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‘The Half of It’ was a smashing success, for instance, its star, Leah Lewis, gained over 300,000 Instagram followers since the release of the movie. The movie managed to hit rare plot points, highlighting an Asian story as well as including an LGBTQ+ love story. While Wu’s discography isn’t as big as some of these other filmmakers, Wu’s films have always been acclaimed. No one is making double-minority stories like her, especially centered around lesbian and bisexual women. She is providing representation for millions of Asian women who have never been seen before and who have never had film show stories like theirs.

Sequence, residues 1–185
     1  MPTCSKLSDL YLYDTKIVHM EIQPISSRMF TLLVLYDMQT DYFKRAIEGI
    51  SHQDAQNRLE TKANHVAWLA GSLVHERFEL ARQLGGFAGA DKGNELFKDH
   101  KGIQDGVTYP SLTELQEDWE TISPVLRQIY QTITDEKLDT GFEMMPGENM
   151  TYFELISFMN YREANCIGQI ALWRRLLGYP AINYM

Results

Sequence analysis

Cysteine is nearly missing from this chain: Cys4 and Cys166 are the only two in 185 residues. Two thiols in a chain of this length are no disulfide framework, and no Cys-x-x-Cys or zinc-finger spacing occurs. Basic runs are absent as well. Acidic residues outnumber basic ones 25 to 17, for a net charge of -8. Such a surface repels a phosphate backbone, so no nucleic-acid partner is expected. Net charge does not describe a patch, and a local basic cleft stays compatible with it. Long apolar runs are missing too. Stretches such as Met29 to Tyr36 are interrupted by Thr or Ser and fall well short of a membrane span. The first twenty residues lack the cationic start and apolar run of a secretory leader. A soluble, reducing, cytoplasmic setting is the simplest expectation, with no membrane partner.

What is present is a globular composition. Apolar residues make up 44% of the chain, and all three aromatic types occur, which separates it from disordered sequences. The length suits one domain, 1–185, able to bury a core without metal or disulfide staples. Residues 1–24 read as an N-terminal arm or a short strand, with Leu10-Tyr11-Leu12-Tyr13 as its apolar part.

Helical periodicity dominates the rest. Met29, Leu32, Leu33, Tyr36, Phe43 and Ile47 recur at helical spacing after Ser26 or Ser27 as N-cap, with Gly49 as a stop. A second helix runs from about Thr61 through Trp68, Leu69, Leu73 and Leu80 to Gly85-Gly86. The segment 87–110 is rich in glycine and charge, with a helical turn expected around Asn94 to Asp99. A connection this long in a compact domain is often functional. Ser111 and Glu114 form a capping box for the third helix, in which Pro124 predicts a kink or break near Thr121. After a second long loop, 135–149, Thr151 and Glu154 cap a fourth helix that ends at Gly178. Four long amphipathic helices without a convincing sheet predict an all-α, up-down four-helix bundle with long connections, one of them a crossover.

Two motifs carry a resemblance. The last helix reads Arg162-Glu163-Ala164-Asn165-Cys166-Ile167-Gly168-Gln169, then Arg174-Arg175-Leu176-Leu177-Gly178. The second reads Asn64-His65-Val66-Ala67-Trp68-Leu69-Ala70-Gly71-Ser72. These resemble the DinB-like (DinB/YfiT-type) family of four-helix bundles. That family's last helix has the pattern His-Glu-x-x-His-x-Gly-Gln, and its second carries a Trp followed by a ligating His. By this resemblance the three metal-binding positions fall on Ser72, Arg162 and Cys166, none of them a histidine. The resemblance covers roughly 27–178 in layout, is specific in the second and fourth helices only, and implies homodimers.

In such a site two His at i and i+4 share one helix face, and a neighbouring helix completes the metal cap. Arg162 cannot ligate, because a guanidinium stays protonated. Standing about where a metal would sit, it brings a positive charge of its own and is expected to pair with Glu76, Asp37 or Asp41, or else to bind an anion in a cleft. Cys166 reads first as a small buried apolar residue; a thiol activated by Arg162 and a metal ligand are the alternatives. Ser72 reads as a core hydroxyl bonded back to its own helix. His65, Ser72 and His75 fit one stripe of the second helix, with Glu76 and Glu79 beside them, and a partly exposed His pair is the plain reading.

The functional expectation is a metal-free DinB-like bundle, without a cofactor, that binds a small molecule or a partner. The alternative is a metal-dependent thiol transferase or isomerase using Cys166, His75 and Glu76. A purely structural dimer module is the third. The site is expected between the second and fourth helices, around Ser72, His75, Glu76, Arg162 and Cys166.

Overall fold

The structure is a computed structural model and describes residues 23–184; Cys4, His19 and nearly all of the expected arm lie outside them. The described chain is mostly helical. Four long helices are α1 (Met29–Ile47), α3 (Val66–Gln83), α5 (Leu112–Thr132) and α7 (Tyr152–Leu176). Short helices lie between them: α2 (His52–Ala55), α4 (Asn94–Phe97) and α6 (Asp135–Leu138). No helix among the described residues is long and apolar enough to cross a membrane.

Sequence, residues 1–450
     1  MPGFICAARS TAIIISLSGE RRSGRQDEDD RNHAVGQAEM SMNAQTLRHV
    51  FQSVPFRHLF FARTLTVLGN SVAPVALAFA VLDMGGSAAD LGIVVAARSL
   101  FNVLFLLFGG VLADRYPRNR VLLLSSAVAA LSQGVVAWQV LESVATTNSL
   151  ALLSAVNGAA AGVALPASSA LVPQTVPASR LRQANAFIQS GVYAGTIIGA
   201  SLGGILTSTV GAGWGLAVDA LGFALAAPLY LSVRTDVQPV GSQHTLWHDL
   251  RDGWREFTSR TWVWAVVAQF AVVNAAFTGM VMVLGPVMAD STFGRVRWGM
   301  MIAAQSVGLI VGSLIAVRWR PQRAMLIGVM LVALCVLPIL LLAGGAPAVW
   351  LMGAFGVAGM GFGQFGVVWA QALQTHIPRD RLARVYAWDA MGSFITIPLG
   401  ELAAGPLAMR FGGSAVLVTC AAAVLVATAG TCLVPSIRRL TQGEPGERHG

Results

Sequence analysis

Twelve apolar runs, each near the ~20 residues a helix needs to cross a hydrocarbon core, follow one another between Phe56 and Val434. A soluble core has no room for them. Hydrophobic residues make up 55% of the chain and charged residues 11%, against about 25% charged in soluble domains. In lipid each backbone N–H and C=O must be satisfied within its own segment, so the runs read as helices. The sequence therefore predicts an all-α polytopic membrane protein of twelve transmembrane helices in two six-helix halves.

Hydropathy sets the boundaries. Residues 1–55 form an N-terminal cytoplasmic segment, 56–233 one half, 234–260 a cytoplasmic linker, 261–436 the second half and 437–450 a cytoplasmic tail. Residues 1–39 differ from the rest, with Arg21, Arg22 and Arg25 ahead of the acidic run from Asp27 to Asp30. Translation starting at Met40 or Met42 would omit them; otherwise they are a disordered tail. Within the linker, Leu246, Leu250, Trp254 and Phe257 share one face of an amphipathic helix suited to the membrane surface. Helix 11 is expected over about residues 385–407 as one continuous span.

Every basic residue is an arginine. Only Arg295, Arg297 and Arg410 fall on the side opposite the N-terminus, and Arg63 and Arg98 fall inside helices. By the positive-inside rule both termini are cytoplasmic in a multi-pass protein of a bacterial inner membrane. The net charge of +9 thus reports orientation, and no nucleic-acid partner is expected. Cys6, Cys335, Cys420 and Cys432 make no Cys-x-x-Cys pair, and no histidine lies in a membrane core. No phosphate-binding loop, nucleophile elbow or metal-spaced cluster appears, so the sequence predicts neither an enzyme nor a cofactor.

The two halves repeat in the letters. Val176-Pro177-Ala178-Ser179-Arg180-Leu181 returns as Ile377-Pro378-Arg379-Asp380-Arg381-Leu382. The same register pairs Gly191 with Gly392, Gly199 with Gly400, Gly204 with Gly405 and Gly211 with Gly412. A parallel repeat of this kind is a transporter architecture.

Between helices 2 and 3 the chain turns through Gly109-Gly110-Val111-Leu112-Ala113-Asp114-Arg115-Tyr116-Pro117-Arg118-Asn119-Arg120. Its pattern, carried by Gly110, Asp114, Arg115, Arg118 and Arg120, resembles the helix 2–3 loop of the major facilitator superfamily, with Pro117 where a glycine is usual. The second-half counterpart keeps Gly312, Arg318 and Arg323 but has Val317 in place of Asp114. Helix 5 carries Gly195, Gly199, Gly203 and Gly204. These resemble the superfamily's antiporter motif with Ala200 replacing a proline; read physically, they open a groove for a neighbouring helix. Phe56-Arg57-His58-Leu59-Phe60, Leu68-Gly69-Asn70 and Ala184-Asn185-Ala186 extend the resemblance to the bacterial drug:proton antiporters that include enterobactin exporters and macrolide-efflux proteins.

#3. Jon M. Chu
In 2018, Jon M. Chu directed ‘Crazy Rich Asians’, the first big studio film to feature a majority cast of Asian descent since ‘The Joy Luck Club’. Over twenty years had passed in between movies and Jon M. Chu proved that Asian representation was needed and would be well-received. ‘Crazy Rich Asians’ grossed around $238 million against a budget of $30 million. This success led it to be the most commercially successful romantic-comedy of the 2010s, 8 years into the decade.
Jon M. Chu’s film catapulted Asian careers, making stars instantly of Constance Wu, Henry Golding, and Awkwafina. The success of this film made a huge statement to Hollywood, that Asian stories were needed and wanted. Within the first week of release, the sequel to ‘Crazy Rich Asians’ was confirmed and is currently in development.
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#2. Justin Lin